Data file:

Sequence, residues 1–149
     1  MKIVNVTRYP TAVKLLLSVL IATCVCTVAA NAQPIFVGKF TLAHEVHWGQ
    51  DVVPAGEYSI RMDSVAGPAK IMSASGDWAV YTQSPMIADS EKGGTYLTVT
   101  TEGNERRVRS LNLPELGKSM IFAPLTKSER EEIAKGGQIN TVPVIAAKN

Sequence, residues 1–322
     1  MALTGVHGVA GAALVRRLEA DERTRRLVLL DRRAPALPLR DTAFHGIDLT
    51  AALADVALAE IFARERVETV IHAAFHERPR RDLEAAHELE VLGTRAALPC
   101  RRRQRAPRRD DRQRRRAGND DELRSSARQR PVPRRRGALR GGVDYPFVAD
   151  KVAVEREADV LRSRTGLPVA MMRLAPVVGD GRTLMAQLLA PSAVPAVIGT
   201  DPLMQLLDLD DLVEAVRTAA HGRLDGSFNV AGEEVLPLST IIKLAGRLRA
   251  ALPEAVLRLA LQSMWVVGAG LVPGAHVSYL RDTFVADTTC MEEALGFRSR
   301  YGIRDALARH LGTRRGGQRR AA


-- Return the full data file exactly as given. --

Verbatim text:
Sequence, residues 1–149
     1  MKIVNVTRYP TAVKLLLSVL IATCVCTVAA NAQPIFVGKF TLAHEVHWGQ
    51  DVVPAGEYSI RMDSVAGPAK IMSASGDWAV YTQSPMIADS EKGGTYLTVT
   101  TEGNERRVRS LNLPELGKSM IFAPLTKSER EEIAKGGQIN TVPVIAAKN

Sequence, residues 1–322
     1  MALTGVHGVA GAALVRRLEA DERTRRLVLL DRRAPALPLR DTAFHGIDLT
    51  AALADVALAE IFARERVETV IHAAFHERPR RDLEAAHELE VLGTRAALPC
   101  RRRQRAPRRD DRQRRRAGND DELRSSARQR PVPRRRGALR GGVDYPFVAD
   151  KVAVEREADV LRSRTGLPVA MMRLAPVVGD GRTLMAQLLA PSAVPAVIGT
   201  DPLMQLLDLD DLVEAVRTAA HGRLDGSFNV AGEEVLPLST IIKLAGRLRA
   251  ALPEAVLRLA LQSMWVVGAG LVPGAHVSYL RDTFVADTTC MEEALGFRSR
   301  YGIRDALARH LGTRRGGQRR AA